Few episodes in the history of psychoanalysis are as densely packed with trans-cultural, ideological, institutional and ethical issues as the arrival of psychoanalysis in pre-state Israel in the early 20th century.
Freud in Zion is the first work to explore this encounter between psychoanalytic expertise, Judaism, Modern Hebrew culture and the Zionist revolution. The book is based on hitherto unpublished documents from twenty different archives, and includes many unpublished letters by Freud. It links the history of psychoanalysis in remote Palestine to the history of the evolution of psychoanalysis in many other countries. The book follows the establishment and early years of the psychoanalytic society in Jerusalem, and the acceptance, dissemination and influence of psychoanalysis in contemporary Jewish society in a very unique political context of war, immigration, ethnic tensions, colonial rule and nation building. This local story is placed in the wider historical social and cultural context of Europe, Zionism, and Jewish migration from Eastern and Central Europe, as well as the development and spread of psychoanalysis in the era of mass violence. Freud in Zion offers a look at the relationship between psychoanalysis and a wider community, and follows the life and work of Jewish psychoanalysts during World War II. As such, it makes an important contribution to a central concern of psychoanalytic studies today, the interplay of psychoanalysis, culture, ideology and politics.
The book’s six chapters cover the three broad contexts through which I view psychoanalysis’s formative years in the Land of Israel. The first of these is the appearance of the Zionist version of the European “New Man,” and its connection to the Freudian view of man. The second is the migration, following the rise of the Nazis in Germany, of psychoanalysis out of Central Europe. The third is the consolidation of psychoanalytic discourse in the Yishuv following the arrival of immigrant analysts, headed by Max Eitingon, Freud’s mysterious “helmsman”, who established the psychoanalytic institute in Jerusalem. The book shows that, despite the affinity that early Zionists claimed to have for Freud’s theories lay an inherent tension, at times even an evident contradiction in terms. Can psychoanalysis as a psychological-critical theory and Zionism as an ideology and consciousness really live together? Did historical reality and the new Hebrew culture play a role in shaping local psychoanalytic practice and ethics? The coming of Freudian psychoanalysis to pre-state Israel, where it rapidly penetrated the discourse of pedagogy, literature, medicine, and politics, becoming a popular therapeutic discipline, could also be regarded as an integral part of a Jewish immigrant society’s struggle to establish its identity in the face of its manifold European pasts and its conflict-ridden Middle Eastern present.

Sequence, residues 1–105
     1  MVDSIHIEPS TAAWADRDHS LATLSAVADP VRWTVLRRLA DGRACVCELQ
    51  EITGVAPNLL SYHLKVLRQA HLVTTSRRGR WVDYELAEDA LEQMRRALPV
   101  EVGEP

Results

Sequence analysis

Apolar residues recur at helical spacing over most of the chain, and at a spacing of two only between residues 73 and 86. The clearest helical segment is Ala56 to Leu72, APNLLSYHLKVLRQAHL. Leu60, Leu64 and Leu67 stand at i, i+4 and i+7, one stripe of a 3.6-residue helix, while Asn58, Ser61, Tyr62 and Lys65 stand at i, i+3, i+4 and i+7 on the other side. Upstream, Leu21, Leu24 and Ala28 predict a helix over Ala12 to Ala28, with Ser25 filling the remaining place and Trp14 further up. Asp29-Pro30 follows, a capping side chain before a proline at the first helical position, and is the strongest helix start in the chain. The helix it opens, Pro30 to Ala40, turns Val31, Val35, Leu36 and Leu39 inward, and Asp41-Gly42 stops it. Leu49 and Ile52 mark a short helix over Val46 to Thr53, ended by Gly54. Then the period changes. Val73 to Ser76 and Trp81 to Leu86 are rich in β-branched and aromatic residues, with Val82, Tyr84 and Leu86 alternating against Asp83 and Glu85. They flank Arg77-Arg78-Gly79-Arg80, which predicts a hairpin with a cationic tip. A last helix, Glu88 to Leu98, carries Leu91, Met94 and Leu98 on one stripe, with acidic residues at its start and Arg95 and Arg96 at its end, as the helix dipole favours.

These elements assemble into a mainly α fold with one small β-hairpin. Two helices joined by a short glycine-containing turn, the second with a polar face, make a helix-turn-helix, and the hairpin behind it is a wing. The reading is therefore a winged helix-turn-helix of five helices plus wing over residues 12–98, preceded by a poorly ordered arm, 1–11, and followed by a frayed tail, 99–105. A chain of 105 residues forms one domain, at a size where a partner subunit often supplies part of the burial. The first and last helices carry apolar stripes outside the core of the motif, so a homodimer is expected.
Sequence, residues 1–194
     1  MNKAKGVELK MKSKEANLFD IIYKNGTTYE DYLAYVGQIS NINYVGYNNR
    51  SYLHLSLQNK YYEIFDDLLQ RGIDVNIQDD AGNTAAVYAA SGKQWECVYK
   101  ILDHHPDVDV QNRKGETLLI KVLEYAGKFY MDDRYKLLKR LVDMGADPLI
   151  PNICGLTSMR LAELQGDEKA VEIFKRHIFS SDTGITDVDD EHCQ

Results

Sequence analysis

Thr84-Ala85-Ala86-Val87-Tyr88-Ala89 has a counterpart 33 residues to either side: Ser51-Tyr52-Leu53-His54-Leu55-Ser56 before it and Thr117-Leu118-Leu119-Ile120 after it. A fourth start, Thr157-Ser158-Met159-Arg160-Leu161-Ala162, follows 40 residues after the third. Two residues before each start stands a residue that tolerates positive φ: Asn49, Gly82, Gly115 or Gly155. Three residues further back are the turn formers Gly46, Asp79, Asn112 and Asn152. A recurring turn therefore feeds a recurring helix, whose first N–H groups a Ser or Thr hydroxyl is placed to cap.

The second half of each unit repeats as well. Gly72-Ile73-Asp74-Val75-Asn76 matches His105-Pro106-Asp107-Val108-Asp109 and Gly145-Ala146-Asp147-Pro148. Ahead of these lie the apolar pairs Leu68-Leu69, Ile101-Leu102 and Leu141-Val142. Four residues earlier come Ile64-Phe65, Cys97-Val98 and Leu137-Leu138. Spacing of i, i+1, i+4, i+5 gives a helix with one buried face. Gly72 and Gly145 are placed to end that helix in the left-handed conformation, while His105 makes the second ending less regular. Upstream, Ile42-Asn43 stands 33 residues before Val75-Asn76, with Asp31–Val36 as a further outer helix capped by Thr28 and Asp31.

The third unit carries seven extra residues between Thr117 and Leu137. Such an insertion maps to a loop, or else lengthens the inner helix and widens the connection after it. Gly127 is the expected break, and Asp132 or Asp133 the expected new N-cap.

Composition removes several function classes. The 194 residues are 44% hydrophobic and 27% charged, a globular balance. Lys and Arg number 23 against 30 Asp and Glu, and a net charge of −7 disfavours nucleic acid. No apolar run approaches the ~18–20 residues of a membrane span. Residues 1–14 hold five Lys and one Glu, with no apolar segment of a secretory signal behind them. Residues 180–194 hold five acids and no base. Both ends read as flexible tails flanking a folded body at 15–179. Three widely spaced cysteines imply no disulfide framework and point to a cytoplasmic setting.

Israel Psychoanalytic Society